WASHINGTON (AP) — On this night, President Barack Obama looked like a man who had escaped imminent defeat.
The Obama who made the case for military action in Syria on Tuesday night appeared more confident, more assured, perhaps even more relieved than the president who confronted the press corps twice during last week's trip to Stockholm, Sweden, and St. Petersburg, Russia. Then Obama was defensive, arguing that the world, not he, had set a red line against Syria's use of chemical weapons and maintaining it was not his credibility that was at stake if the U.S. did not respond to the breach of that red line.
Last week, when he scheduled Tuesday's national address, few aides believed it would be the pivotal moment they needed to change public opinion and prompt Congress to grant him authority to use military force against Syria. Americans were weary of war and suspicious of any reason to take up arms once again in a faraway land.
On Tuesday, Obama still made a case for striking at the regime of Syrian President Bashar Assad, invoking the image of hundreds gassed by chemical weapons on Aug. 21 in the outskirts of Damascus and the anguish of a father "clutching his dead children, imploring them to get up and walk." Obama still laid the blame on Assad, making the case he has been making for two weeks that the regime was responsible for launching sarin gas that killed more than 1,400, including more than 400 children.
Assad has blamed the attack on opposition forces and struck a confrontational pose against the United States. But the tenuous diplomatic path that Russian President Vladimir Putin appears to have opened to secure Syria's chemical weapons bought time and eased the pressure on both Congress and Obama to act.
"It's too early to tell whether this offer will succeed, and any agreement must verify that the Assad regime keeps its commitments," Obama said Tuesday night. "But this initiative has the potential to remove the threat of chemical weapons without the use of force, particularly because Russia is one of Assad's strongest allies. I have therefore asked the leaders of Congress to postpone a vote to authorize the use of force while we pursue this diplomatic path."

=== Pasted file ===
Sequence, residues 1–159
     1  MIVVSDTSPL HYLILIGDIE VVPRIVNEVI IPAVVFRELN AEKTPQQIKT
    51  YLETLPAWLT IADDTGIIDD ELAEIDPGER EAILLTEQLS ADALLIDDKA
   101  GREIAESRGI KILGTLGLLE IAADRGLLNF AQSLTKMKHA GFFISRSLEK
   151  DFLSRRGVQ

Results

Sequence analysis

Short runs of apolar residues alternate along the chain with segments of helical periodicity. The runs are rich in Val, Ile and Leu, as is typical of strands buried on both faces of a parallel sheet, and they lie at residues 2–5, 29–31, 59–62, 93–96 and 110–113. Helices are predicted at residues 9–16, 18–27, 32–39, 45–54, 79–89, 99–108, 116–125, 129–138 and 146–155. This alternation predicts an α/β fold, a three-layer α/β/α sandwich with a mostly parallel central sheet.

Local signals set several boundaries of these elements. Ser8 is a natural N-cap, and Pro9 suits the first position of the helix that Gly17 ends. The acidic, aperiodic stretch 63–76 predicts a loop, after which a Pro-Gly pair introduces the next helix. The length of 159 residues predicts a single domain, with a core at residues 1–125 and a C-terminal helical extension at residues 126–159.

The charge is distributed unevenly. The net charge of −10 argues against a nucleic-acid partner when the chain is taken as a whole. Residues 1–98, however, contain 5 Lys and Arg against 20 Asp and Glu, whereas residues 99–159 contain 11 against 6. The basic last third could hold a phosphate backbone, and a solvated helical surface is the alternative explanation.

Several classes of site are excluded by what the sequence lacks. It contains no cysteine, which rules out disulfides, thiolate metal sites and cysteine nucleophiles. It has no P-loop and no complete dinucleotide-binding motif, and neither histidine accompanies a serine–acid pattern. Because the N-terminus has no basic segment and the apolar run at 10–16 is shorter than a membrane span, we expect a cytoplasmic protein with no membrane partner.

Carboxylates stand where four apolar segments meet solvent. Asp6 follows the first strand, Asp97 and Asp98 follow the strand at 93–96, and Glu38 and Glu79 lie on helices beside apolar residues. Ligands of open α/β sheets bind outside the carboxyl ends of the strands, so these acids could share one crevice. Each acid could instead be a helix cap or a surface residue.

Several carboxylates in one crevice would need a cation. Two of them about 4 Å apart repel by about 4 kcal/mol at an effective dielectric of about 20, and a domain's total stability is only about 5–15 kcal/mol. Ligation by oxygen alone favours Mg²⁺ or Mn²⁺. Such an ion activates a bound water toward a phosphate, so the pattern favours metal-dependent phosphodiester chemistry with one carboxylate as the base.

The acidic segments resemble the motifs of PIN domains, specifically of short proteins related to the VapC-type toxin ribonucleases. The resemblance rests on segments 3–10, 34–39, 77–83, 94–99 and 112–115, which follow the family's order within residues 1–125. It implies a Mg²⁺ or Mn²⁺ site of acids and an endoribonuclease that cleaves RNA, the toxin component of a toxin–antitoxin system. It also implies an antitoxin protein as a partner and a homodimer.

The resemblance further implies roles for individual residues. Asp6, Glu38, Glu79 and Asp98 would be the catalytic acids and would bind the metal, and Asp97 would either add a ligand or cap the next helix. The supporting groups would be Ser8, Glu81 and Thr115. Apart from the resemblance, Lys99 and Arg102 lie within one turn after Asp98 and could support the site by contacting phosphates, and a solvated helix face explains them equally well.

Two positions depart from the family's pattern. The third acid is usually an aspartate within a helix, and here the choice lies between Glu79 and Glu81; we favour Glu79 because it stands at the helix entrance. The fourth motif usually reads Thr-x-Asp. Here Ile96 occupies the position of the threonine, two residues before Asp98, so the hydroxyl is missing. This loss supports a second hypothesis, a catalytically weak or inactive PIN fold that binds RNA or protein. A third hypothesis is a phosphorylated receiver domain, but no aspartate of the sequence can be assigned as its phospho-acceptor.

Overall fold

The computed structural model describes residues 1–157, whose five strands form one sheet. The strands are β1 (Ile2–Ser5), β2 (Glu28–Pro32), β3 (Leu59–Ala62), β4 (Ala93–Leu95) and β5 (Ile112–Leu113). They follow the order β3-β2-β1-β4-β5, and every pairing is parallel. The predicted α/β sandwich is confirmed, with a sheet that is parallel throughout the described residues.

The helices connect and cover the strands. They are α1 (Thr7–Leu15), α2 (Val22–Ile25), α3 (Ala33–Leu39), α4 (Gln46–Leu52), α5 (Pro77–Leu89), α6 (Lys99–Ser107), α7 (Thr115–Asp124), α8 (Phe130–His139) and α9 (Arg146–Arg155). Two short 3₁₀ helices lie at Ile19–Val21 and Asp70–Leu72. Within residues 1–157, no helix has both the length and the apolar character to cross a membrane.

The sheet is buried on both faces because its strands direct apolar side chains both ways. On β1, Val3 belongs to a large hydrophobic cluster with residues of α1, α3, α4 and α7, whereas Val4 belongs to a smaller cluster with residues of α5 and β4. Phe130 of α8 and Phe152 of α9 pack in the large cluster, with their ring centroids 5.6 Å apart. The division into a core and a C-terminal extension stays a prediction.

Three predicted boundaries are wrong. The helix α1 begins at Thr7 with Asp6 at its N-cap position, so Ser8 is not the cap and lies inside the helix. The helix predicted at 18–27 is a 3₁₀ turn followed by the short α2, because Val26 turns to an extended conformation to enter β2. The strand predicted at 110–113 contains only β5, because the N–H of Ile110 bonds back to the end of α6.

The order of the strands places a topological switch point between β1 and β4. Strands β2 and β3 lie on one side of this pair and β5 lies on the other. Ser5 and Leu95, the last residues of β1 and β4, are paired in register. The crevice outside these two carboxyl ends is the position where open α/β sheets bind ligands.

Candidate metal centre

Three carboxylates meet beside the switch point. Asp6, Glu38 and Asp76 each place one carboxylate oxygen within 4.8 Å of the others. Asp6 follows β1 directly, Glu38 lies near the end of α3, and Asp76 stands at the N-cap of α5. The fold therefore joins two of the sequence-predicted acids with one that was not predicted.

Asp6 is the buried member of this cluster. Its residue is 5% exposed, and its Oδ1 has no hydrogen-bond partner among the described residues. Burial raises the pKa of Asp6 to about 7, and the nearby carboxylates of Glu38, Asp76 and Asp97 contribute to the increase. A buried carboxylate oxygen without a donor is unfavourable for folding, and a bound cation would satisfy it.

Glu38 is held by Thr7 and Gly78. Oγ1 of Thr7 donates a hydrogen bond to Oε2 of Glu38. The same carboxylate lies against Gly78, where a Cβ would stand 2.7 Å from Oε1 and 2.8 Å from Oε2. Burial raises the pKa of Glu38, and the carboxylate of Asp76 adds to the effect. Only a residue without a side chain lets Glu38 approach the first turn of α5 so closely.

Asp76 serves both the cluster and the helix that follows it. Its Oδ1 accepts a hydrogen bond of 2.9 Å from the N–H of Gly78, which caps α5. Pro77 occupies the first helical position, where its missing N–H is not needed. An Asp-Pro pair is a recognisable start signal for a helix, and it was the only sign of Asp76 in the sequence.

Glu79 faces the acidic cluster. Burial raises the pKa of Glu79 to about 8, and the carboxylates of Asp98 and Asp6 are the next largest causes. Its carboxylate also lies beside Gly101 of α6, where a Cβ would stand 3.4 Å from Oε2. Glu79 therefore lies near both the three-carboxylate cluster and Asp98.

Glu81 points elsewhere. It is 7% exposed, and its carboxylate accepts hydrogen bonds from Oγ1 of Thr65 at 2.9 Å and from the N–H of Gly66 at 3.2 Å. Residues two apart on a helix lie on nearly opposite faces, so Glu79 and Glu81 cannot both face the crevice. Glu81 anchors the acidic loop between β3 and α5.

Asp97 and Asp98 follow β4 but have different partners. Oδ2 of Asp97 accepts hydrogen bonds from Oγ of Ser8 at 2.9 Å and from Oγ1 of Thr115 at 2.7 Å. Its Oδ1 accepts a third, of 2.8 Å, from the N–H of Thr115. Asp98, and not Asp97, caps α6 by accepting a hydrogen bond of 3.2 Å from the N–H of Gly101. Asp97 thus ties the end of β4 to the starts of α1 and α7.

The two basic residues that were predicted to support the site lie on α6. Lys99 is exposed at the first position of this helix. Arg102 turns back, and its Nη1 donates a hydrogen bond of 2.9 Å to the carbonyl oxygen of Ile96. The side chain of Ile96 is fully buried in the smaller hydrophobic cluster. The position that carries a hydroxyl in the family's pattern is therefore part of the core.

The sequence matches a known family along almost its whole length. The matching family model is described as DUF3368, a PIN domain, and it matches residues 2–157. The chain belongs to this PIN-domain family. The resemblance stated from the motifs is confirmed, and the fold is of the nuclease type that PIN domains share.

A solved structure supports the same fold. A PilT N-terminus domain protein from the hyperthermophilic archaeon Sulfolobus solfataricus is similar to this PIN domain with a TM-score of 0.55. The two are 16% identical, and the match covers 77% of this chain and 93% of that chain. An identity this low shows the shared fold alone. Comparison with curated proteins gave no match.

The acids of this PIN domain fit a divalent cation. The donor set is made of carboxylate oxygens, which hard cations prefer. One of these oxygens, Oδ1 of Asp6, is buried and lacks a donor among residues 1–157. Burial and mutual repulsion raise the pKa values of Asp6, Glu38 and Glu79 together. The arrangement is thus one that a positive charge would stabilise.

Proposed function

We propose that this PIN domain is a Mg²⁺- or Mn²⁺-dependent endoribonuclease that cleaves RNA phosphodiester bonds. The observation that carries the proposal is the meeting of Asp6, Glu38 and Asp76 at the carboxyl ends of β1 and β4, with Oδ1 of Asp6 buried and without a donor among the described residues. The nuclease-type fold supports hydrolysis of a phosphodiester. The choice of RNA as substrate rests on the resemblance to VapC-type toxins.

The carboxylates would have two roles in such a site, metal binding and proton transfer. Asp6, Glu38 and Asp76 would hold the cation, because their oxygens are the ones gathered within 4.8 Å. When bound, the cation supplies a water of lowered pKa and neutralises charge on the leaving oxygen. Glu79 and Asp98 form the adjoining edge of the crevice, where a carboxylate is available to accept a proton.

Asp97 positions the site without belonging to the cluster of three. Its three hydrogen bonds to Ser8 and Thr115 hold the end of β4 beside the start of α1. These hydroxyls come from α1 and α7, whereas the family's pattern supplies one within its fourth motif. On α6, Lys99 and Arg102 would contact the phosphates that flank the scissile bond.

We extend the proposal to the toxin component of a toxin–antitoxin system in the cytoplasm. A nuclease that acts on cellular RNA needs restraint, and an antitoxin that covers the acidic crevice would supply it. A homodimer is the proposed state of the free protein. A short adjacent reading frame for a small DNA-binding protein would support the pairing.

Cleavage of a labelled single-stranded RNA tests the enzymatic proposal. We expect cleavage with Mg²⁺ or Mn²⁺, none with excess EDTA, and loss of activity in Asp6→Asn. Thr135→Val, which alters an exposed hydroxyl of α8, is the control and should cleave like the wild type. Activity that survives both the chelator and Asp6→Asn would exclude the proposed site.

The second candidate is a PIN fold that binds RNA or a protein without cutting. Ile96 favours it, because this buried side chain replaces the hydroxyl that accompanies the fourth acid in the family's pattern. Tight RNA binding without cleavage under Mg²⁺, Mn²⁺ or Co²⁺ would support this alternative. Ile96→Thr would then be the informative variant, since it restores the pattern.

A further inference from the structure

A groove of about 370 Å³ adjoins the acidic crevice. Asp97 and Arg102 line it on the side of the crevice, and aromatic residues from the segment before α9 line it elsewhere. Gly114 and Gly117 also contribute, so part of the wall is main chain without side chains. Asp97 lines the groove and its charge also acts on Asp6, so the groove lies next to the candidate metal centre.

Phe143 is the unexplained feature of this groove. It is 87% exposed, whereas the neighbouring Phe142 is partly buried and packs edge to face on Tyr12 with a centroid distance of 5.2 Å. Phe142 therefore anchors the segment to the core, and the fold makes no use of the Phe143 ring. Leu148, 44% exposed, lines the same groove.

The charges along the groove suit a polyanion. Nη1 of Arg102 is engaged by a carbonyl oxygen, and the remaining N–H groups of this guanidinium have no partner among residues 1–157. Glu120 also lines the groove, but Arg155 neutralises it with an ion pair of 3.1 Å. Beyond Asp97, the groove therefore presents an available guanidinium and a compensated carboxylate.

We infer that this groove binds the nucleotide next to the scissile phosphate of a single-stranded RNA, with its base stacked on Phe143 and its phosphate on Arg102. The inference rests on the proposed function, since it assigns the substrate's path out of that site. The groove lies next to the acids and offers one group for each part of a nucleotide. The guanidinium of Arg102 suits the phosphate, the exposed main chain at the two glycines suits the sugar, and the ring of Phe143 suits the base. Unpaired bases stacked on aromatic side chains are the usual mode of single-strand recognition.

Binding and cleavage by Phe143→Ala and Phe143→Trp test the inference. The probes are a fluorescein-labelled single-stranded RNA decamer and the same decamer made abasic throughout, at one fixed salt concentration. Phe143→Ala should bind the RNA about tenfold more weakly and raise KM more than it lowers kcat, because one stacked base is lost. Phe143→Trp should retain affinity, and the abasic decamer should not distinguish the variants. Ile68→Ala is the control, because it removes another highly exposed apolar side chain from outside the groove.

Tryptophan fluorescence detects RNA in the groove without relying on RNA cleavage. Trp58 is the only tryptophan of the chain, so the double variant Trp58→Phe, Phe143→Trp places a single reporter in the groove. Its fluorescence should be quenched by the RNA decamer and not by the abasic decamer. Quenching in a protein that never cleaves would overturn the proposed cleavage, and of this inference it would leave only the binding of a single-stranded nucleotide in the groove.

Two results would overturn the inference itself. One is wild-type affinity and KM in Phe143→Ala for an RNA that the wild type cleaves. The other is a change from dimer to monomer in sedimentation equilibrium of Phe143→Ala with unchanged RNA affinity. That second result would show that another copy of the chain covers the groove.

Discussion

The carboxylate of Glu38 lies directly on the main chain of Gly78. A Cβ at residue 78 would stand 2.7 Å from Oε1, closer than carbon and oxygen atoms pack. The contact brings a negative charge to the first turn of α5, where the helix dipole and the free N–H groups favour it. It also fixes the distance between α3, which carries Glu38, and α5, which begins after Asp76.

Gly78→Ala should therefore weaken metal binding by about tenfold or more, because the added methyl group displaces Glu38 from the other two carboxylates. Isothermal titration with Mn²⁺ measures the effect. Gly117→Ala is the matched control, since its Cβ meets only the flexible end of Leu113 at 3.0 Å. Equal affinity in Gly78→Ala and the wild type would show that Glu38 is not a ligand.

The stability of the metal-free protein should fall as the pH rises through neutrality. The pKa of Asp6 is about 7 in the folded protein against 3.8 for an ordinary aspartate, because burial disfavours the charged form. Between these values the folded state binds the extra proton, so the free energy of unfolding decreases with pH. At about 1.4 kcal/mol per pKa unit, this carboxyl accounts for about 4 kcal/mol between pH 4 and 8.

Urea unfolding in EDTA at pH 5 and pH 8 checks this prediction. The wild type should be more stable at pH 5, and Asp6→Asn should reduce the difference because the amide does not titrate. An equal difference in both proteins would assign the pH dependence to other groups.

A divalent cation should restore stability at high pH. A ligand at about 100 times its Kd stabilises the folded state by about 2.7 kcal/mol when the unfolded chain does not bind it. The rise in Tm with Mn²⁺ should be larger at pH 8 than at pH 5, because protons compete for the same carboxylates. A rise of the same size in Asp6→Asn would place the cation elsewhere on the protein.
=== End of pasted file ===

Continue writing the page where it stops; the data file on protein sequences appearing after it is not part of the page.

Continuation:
This was only Obama's sixth address to the nation from the White House. They are reserved for momentous events — the death of Osama bin laden, the drawdown of forces in Afghanistan. The elegant setting and the deliberate presidential walk down the red-carpeted hallway are designed to convey authority and soberness.
Instead of being quizzed as he was in news conferences last week on what he would do if Congress failed to grant him authority, or on whether his political standing was on the line, Obama on Tuesday had the lectern and the trappings of office all to himself. Earlier in the day, he had spent 2½ hours on Capitol Hill in respectful meetings with Senate Democrats and then Senate Republicans, answering questions and making his case.
Obama does not do self-doubt in public. But when it comes to Syria, he has walked a fine line between agility and vacillation. On Tuesday the president sought to address questions about the mission directly, giving voice to those members of the public who have written to him and challenged the need to intervene.
"One man wrote to me that we are still recovering from our involvement in Iraq. A veteran put it more bluntly: This nation is sick and tired of war," Obama said. "My answer is simple. I will not put American boots on the ground in Syria. I will not pursue an open-ended action like Iraq or Afghanistan. I will not pursue a prolonged air campaign like Libya or Kosovo. This would be a targeted strike to achieve a clear objective: deterring the use of chemical weapons and degrading Assad's capabilities."
It may not have swayed minds. But a speech that was supposed to be his final appeal may now be only the beginning.
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